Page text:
We've been keeping two critters in our corral for the last week or so because they're close to calving. Lily is half-Jersey, half-Dexter; and Sparky is full Dexter. This will be a second baby for Lily but a first baby for Sparky.
It's always convenient if calves are born in the corral for two reasons; one, the animals have the shelter of the barn if they need it; and two, we can dehorn or castrate the calves without having to embark on a wild goose (calf?) chase across the pasture to capture them.
Anyway, we came home from our neighborhood potluck last night -- and saw that Lily had had her calf! She had just dropped it, and I mean just. The calf was still wet and hadn't gotten to its feet yet.
Altogether now: "Awwww...."
My parents flew in to visit last week and are staying in Coeur d'Alene. My Dad came in for last night's potluck, though my Mom wasn't feeling quite up to it. So Dad -- a city boy from birth -- got to see a newborn calf and he watched enraptured as the baby struggled to its feet and took its first nourishing meal of colostrum. He'd never seen a newborn calf before.
Lily spent a good deal of time licking her baby. This accomplishes three things: (1) it cleans the newborn; (2) it stimulates the baby's circulation; and (3) it familiarizes the cow with her baby's unique scent.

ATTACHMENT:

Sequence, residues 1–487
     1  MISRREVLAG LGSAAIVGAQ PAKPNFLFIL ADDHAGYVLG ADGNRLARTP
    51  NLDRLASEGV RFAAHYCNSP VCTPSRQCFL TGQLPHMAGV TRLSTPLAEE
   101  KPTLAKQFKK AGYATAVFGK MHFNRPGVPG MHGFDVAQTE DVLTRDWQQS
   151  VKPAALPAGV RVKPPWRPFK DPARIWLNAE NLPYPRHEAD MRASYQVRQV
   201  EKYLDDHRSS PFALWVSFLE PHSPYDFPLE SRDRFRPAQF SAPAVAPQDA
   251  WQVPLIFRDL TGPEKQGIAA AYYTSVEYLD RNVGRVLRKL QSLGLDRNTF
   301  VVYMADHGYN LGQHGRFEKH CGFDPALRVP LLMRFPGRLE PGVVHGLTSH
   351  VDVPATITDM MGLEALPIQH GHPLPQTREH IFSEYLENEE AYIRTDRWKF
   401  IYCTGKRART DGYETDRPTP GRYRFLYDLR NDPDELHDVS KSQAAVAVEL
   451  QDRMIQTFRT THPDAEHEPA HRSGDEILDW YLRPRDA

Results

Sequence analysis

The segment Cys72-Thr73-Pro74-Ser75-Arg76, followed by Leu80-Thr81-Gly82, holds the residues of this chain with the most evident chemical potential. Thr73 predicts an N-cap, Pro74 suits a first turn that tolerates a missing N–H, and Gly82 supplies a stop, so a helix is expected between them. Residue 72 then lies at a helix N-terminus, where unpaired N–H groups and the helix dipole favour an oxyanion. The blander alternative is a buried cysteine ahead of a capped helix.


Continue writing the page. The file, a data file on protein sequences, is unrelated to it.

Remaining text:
The rest of the herd was eager to catch a glimpse of the newcomer.
While we're not positive of the gender, the elegant long head makes me think it's a girl. Boys usually have shorter heads. Younger Daughter tentatively has named her Leto, after the Greek goddess of motherhood (since she was born on Mother's Day).
As a new mama, of course, Lily is fiercely protective of her baby. We kept our distance.
First attempt to struggle to her feet.
Careful now.... steady....
Not bad for a first try!
"Let's see... I know there's an udder around here somewhere..."
Crash and burn.
Sparky, wildly curious about the baby, got too close...
...and was chased off.
Still wobbly but getting stronger.
Aha -- jackpot! All that good colostrum is getting inside.
What a nice Mother's Day gift for Lily.
I checked the calf this morning, and Leto looked strong and chipper and was nursing well.
Here's the dropped placenta, a good sign. (We'll dispose of this.)
An ever-watchful Lily.
First time in the barn.
Sparky still wanted to meet the baby...
...but Lily wouldn't have it.
Last night I noticed Victoria is bagging up too, so we pulled her into the corral (she's the red heifer). This will be Victoria's first calf as well.
See how bagged up she is?
Victoria has two supernumerary teats. These are harmless.
Looks like we'll have calves coming out our ears in the next couple of weeks!